FYI - the Eggliner I made this repair to has run successfully and really well all day (literally from 7am until 10 pm) for the last 4 - 5 days. We're talking a good 60+ hrs of runtime now which is actually more than it had run total collectively before this fix (we're using this Eggliner around the tree right now to guard the cat from getting into the tree and damaging the branches/knocking ornaments off. As long as the Eggliner is running, the cat stays away from the tree 😅)
 

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Wow, so many many of these have been used, Aristo outsold Bachmann and USA Trains in this area (2 axle diesel blocks).

This is not a common issue, and other than severe overload, it HAS to be a short between that axle served by the wires and the other axle or the other truck.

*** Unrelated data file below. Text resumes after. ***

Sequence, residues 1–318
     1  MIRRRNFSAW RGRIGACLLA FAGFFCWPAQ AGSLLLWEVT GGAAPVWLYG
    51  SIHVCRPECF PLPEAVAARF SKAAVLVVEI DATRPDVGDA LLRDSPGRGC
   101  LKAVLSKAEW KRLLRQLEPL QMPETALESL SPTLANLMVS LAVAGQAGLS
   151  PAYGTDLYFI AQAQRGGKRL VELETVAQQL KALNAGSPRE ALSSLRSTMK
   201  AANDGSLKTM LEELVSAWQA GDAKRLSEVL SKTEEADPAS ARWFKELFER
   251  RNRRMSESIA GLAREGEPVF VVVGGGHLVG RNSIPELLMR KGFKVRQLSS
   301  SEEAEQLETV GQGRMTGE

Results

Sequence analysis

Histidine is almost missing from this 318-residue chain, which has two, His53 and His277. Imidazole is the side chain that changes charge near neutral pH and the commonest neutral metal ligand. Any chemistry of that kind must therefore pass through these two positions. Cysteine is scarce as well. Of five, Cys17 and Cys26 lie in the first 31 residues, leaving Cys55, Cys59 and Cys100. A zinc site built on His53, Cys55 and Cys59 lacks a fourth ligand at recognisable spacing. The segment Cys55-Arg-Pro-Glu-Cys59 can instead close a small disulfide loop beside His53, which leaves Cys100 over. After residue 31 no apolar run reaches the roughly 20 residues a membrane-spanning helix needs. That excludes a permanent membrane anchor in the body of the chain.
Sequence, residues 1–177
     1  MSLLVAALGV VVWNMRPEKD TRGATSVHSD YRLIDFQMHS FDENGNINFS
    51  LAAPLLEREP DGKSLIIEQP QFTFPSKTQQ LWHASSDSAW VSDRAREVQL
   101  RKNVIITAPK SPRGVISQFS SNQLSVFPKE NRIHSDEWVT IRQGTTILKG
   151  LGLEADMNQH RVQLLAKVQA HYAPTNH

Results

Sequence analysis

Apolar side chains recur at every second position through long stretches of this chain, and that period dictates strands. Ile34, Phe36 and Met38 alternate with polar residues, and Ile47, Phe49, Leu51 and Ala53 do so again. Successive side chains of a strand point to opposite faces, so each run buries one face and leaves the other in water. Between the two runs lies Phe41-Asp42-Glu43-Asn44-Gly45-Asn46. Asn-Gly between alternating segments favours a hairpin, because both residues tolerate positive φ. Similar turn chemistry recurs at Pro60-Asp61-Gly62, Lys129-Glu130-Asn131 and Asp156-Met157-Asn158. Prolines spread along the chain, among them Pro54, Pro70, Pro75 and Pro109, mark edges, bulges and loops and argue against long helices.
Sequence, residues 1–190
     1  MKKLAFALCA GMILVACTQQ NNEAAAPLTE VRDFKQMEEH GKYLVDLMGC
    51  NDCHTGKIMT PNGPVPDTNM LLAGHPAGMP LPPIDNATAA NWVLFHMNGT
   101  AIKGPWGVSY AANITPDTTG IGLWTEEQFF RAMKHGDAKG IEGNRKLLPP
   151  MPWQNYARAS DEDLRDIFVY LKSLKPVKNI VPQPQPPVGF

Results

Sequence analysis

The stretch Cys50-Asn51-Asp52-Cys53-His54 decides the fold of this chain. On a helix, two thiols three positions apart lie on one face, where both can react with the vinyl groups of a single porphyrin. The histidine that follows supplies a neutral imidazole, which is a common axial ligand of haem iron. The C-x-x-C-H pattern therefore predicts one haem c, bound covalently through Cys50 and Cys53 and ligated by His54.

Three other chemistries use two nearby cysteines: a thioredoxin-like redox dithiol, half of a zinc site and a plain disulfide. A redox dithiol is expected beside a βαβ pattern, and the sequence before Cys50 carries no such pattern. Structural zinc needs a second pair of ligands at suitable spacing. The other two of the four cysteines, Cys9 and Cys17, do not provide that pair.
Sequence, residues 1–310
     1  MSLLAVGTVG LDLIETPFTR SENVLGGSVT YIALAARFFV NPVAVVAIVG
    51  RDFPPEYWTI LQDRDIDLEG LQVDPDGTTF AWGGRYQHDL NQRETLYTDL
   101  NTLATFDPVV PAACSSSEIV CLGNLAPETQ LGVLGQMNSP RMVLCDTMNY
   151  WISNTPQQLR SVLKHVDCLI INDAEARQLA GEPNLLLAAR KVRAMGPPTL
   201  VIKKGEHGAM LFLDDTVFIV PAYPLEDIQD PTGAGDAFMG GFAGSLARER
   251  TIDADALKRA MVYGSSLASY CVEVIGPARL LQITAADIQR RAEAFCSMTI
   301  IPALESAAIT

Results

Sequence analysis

Normally you will burn up traces on the circuit board inside when there is a severe and prolonged short between trucks.

Yeah, I meant a polyswitch (actual name) to protect that wire, would have to be done internally to the motor block. Putting them inside the chassis will protect from truck to truck shorts, which are also common.

Greg
 

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Discussion Starter · #9 ·
I'm going to see how this fix continues to hold up. I know another weak spot (that I mentioned with the two other blocks above) are the universal axle brass contacts (where they sandwich into the uni housing). Over time and so much flexing they are stress fatigued and then crack. I have other ideas/possible solutions to fix/improve that, but I want to flesh my ideas out before I mention what they are....